Put Down the Clapper and Ditch the Timecode?
One of the most prominent productivity plug-ins to surface during the past year is Singular Software's PluralEyes, which released for Apple Final Cut Pro in May 2009 and for Sony Vegas Pro in November of last year. Over the years, NLE packages have incorporated features to complete tasks that used to require specialized plug-ins for their execution. Plug-ins that perform basic editing operations dwindle as NLE feature sets grow.
PluralEyes is the rare exception to that rule. The $149 plug-in automatically syncs an audio track to multiple video tracks, without the need for any unified timecode or a traditional clapper slate. Bruce Sharpe, founder of Singular Software, claims that you don't even need to start out with particularly clean audio. "The power of PluralEyes is that it can sync recordings across a wide range of audio quality. This includes differing sound levels, ambient noise, directors talking, varying mic placement, etc," he says.
Feedback from users, as culled from the wilds of Twitter, has been generally very positive. Most users I corresponded with were using DSLRs such as the Canon EOS 5D, a camera that truly benefits from separate audio capture from a device such as a Samson Zoom H4N. They typically had few problems using PluralEyes to synch their captured video to their separately captured audio in Final Cut Pro.
Ross Gerbasi, director and editor with Popcorn Island in Chicago, has used PluralEyes to edit documentary footage shot with a Canon 5D. He described some initial challenges getting FCP set up to match the footagemaking sure the sequence is the right frame rate, for instance. "Once you have a good understanding of how it is supposed to work [PluralEyes] is pretty easy," he says. "Right now a couple of our guys are in South Africa shooting a documentary with a [Panasonic AG-HVX200], a 5D, and the Zoom, so it will really get put to the test after the three weeks of footage they will be gathering up."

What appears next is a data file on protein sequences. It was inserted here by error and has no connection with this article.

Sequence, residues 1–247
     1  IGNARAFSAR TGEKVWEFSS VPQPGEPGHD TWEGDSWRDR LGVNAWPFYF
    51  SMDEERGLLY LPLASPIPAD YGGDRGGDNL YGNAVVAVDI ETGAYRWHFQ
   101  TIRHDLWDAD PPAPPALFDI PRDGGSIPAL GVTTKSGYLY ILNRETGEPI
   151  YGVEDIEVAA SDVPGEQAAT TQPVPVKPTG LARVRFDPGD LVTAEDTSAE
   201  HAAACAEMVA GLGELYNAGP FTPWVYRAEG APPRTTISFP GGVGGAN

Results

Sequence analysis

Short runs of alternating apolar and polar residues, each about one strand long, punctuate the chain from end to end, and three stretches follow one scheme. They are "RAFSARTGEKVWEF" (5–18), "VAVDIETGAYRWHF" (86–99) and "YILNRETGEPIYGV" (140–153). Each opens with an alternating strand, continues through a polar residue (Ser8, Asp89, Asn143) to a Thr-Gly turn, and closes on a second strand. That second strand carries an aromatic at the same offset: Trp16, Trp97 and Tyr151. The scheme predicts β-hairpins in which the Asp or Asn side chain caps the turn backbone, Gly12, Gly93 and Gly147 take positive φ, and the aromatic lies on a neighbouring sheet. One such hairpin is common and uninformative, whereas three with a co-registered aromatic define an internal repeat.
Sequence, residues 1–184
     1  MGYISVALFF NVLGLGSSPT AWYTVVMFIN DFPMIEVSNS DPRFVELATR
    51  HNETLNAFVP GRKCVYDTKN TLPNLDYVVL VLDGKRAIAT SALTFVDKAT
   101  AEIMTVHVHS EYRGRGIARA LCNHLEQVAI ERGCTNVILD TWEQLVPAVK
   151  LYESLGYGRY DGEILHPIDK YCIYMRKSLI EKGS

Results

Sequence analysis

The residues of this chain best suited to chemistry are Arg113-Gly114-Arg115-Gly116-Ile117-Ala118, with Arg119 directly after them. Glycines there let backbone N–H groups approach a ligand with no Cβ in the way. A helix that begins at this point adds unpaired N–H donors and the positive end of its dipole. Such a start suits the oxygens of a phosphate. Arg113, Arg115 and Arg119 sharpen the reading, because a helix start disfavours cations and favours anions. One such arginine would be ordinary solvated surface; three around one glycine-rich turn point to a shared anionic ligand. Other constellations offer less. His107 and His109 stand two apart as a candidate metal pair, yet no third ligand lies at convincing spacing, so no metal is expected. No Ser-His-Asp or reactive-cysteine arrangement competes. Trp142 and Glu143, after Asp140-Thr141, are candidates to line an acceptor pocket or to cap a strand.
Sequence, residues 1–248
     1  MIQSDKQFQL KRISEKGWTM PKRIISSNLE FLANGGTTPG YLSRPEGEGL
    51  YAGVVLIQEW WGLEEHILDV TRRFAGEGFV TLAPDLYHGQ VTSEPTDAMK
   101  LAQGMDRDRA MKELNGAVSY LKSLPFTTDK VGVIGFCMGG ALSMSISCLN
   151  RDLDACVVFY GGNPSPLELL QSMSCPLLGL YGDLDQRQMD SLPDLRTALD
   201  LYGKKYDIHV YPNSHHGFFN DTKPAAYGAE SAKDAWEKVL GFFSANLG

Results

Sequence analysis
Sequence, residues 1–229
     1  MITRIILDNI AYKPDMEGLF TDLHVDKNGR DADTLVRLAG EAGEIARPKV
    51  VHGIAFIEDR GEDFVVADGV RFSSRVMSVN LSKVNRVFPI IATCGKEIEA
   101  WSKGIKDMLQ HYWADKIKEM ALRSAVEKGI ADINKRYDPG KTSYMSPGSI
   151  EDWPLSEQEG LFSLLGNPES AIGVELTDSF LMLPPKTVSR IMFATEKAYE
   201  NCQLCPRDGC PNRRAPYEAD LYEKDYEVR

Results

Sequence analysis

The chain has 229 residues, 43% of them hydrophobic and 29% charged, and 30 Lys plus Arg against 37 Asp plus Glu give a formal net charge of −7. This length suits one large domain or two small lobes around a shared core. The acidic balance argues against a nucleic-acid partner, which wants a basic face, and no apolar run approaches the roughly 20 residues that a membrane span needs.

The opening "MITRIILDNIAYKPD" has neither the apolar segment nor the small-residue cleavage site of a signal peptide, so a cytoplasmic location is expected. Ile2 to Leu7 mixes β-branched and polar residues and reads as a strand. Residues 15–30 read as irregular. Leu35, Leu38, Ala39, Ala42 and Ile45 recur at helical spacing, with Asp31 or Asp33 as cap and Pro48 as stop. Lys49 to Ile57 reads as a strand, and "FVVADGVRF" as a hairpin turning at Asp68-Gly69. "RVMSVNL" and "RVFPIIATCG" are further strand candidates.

One common problem that Sharpe has addressed is the fact that HDSLRs capture at 30p, while NTSC runs at 29.97. "When you work with 30fps material, you might expect that ensuring that the sequence frame rate is 30 (and not 29.97) would be enough to make things work," he writes. "But what happens is that when you add an audio track to the timeline, Final Cut retains some memory of the NTSC settings and applies an NTSC adjustment to the playback speed of the audio." In that blog post, he offers a couple ways to solve this problem.
Jon Rawlinson, a Vancouver-based filmmaker, took his Canon 5D to French Polynesia to shoot a project for the Intercontinental Hotel in Bora Bora. Using PluralEyes to sync a longer clip, he found that sync drifted. The culprit was, again, that the timeline settings didn't match his clip settings exactly. "I needed the timeline settings to be exactly 30[fps] and 44.1kHz," Rawlinson says.